To make it, all you need to do is to dig an inverted cone shaped hole into the ground. Then put your a container in the bottom, with the end of the rubber hose anchored in it. Lay out the hose so that the other end is outside the hole and anchor it as well.  Cut off leaves and other greenery and put them in the hole as well, taking care to make sure that they aren’t covering the pan.

The hole must be covered with a plastic sheet, making sure that no moisture can escape. After that, you must put a small rock on the plastic cover, in the center, making the plastic dip over the pan or container. As the water evaporates from the ground and the plants you put in the hole, it will condensate on the plastic sheet (that cools easily) and drip down inside the container.

Cool, huh? The water can be sucked out of the pan through the tubing, so that you don’t have to open the still up. You must take into account that this is not the fastest method to get yourself drinking water, but it works like a charm, anytime anywhere. For better/faster results, you can dig a few holes instead of one, given that you have enough plastic sheet available.

That about sums it up folks. If you have other ideas, don’t hesitate to share them in the comment section below.

CCC4

This article has been written by Chirs Black for Survivopedia.

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Chris Black

About Chris Black

Chris Black is a born and bred survivalist. He used to work as a contractor for an intelligence service but now he is retired and living off the grid, as humanly possible. An internet addict and a gun enthusiast, a libertarian with a soft spot for the bill of rights and the Constitution, a free market idealist, he doesn't seem very well adjusted for the modern world. You can send Chris a message at editor [at] survivopedia.com.
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Comments

  1. Digging the cone shaped pit and laying the plastic sheet with a rock in the center is a great idea. If the pan were metal with a relatively sharp edge, it could also be used to dig the hole. I can picture a neat little kit consisting of pan, tubing, and plastic sheet.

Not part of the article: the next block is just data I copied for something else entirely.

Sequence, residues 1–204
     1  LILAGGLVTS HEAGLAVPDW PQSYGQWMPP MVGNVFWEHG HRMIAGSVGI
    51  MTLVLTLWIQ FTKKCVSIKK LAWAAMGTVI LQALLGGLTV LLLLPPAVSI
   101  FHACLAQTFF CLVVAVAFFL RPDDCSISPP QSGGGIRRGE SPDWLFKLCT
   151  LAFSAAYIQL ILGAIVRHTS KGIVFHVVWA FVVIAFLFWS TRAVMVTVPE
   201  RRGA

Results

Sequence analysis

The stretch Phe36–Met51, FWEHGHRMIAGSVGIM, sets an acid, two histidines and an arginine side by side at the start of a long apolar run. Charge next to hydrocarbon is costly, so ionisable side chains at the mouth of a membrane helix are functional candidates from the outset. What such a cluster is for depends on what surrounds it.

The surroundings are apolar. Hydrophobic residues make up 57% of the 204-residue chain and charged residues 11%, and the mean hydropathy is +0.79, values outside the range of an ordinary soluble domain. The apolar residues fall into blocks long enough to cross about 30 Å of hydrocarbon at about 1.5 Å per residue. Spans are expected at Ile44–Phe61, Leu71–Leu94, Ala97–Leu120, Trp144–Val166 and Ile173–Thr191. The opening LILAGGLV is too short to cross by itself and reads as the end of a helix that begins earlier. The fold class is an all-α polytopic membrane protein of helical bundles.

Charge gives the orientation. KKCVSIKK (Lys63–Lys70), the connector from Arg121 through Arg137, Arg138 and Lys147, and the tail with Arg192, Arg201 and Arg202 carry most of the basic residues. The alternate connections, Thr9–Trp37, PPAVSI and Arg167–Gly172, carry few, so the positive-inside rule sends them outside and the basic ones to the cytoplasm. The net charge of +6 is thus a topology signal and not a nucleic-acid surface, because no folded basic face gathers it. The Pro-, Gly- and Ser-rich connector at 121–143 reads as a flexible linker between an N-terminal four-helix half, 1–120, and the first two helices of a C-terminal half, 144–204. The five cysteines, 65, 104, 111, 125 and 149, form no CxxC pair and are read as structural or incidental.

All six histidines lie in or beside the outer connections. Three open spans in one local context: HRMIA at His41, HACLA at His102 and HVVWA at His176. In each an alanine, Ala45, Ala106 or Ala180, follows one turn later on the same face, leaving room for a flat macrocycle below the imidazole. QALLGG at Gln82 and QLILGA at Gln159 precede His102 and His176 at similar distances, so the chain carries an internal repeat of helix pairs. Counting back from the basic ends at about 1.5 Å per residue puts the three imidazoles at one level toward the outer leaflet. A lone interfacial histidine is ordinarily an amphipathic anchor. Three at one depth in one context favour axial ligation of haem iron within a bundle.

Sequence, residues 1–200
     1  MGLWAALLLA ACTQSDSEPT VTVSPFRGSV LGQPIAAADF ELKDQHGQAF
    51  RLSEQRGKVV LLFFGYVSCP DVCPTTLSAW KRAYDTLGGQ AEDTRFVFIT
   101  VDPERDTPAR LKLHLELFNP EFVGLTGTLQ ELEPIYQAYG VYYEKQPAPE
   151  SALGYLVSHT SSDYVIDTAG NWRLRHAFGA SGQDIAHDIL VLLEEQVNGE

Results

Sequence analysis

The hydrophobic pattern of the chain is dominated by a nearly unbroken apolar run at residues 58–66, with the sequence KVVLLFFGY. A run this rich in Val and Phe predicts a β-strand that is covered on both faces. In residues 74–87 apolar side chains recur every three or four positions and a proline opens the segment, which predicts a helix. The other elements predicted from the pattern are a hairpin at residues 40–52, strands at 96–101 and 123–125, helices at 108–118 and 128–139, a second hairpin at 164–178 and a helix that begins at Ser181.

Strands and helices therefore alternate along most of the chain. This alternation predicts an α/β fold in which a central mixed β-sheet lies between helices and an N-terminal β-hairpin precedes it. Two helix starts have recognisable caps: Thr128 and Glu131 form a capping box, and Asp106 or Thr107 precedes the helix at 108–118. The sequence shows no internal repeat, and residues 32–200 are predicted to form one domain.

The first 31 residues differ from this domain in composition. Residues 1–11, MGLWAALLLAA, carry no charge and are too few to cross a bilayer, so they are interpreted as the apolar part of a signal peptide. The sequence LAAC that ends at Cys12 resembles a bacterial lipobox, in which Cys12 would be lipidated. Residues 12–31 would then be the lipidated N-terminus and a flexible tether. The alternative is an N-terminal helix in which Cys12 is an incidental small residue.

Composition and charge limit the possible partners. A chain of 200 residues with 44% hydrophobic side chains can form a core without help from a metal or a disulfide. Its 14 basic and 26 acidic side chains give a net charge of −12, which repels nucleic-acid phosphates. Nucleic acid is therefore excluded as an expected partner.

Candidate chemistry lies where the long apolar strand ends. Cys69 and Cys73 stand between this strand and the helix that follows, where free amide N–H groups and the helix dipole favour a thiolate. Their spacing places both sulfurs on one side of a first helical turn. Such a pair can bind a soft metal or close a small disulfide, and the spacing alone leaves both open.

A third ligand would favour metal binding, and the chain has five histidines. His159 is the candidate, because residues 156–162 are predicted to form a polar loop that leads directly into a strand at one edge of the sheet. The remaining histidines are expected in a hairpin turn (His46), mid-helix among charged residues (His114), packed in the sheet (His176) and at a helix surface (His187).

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    • All that's required can be put in an Altoids can. For digging? A large rock, stick or anything can be found and used to dig. A pan would be nice, but if water is scarce enough to do this, I'd rather keep my pan for cooking cuz there sure won't be enough to wash the pan before using.
      Just my experience.

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  2. Thanks for the great posts.

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  3. There is a need to really wake people up.

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  4. Actually the easiest method I read somewhere is: take a transparent one or two liter soft drink bottle. Fill it with water that is not muddy (hold a white paper against the sun and it the water seems reasonably "not-cloudy"). Put it into the sun for twelve hours (if cloudy, err on the safe side). 99% of the bacteria will by then be destroyed (if you wait too long, you have to deal with algae instead ;-). So you may not have a water filter, may not have clean water, but in all countries that don't levy deposits on bottles, you stand a chance to find one even in the remotest places.

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Trackbacks

  1. […] starting point has to be in retaining your body’s water. This is even more important than finding more water to drink. If you can’t keep your body’s fluid inside your body, then it doesn’t matter how […]

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  2. […] starting point has to be in retaining your body’s water. This is even more important than finding more water to drink. If you can’t keep your body’s fluid inside your body, then it doesn’t matter how […]

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  3. […] starting point has to be in retaining your body’s water. This is even more important than finding more water to drink. If you can’t keep your body’s fluid inside your body, then it doesn’t matter how much you […]